On Sacrificing Profit for Value
The Gift That Keeps on Giving
A point companies sometimes fail to realize the importance of is their value to their consumer versus their profit. It may seem that for the survival of the company profit would be the most important metric to stay on top of, but this isn’t necessarily the case.
While profit is important (and without it a company perishes). The often-overlooked metric is value provided to consumers (whether monetary or otherwise).
Having a profit guarantees a company made more money on a product or service than it spent in delivering it.
Providing value to the consumer, on the other hand, is what keeps would-be one-time-buyers coming back over and over again.
There are a number of ways to provide value to customers, some more obvious than others.
An obvious way is simply having a great product and delivering on your marketing promises for this product. An example would be: “Our soap removes coffee stains” on a ad leads to customer purchasing your soap, using it on a coffee stain and having the coffee stain come out. This soap has provided value to the customer by delivering on the marketing promise.
This method of providing value, i.e., delivering what you promise, is extremely important to the success of your business or product.
A less obvious way of providing value exists in the form of seemingly sacrificing profit to deliver value to your customer. I wrote “seemingly” because on a immediate basis you lose (or more specifically, don’t gain) money, but in the long run this method leads to a very happy customer that keeps coming back and may even tell their friends about you.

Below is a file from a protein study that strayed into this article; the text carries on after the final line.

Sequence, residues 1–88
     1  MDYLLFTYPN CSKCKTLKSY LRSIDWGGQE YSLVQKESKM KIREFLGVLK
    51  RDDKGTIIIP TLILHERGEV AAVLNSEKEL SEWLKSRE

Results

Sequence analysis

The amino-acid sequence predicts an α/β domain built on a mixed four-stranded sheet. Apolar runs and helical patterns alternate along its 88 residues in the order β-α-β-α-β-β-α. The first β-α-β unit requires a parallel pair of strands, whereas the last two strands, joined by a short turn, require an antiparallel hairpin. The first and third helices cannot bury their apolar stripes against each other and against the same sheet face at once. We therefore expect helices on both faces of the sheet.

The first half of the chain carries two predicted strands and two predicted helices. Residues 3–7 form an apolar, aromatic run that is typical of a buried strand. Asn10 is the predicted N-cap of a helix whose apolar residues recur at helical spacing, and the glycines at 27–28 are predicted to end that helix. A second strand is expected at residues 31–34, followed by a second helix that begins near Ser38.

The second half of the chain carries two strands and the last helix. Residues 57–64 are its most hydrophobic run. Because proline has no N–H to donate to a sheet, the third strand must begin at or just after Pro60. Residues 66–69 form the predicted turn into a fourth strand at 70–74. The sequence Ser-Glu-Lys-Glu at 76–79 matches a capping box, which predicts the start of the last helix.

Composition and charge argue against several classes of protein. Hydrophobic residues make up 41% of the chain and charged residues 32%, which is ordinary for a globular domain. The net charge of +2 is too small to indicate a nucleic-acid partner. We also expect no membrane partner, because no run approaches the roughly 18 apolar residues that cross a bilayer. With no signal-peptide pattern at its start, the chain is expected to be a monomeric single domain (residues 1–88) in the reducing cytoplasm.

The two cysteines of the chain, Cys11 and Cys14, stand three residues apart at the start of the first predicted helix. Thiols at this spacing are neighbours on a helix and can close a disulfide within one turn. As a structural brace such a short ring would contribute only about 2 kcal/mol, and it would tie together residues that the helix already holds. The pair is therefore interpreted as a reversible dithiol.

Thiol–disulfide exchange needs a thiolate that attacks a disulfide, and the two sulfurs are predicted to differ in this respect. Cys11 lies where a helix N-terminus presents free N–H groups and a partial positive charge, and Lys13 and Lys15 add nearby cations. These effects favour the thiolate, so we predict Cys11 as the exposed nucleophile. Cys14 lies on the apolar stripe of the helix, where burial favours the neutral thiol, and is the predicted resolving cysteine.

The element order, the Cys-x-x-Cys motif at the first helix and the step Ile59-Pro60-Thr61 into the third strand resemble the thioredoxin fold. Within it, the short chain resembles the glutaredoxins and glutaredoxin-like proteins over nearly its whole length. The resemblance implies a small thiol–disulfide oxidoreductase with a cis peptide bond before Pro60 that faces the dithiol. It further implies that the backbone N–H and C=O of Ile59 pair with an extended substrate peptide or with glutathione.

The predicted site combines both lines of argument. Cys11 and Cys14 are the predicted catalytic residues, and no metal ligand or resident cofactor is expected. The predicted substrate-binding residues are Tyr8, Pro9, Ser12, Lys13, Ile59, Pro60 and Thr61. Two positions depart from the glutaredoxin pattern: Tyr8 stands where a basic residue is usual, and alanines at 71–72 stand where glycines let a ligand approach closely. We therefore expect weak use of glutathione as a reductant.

There are many ways to do this, but I’ll give you a recent example of my own experience as a customer that highlights the points where different companies succeeded and failed.
I was on my way downtown on a long stretch of the freeway. I was driving in the left of four lanes when the engine sputtered and then stalled out. I ended up on the side of the road in the middle of the summer with my car that wouldn’t start.
I pulled out my phone and looked for “BMW mechanic near me” and found Foreign Autohaus about 16 miles away. I called them and told the first person who answered the phone what had happened. He immediately told me what he thought might have gone wrong and that they’d be able to take care of it. I got a tow and headed over there. They did a diagnostic and found that the problem was indeed exactly what they guy had said over the phone (fuel pump).
They got it fixed up and back to me by the next morning. When I went to pick up my car the guy who I had talked to on the phone (turns out he was the service manager and had been fixing cars since he was little) went out to my car with me and told me all different things about it, common problems, the positives and generally made me feel much better about my car and the money I’d just had to spend. He also told me what upcoming maintenance would be needed as well as what it would cost.
A few weeks later I had a question about whether or not my car was running normally. I took it back to Foreign Autohaus. The service manager took a computer out to my car, plugged it in and ran a diagnostic to pull what codes were showing up. He gave me a summary (as it turns out, it was fine, there were a couple of stored codes but nothing that needed immediate attention).
Seemingly, he didn’t gain anything by doing this. In fact, he lost 20 minutes of his time.
However, I drove off that day knowing that he was there for me. Here was somebody who knew what he was talking about, understood my concerns for my car, was able to reassure me and was willing to go out of his way to check if anything was going on.
Needless to say, I brought my car back for every service it needed thereafter.
A while later I sold this car (it was a 2002 BMW 325CI) and got a newer 3 series. This one I bought as a pre-owned vehicle from a Volkswagen dealership. I thought that since Volkswagen had been involved in a multi-billion dollar settlement they’d be inclined to give me great service in an effort to get and keep customers.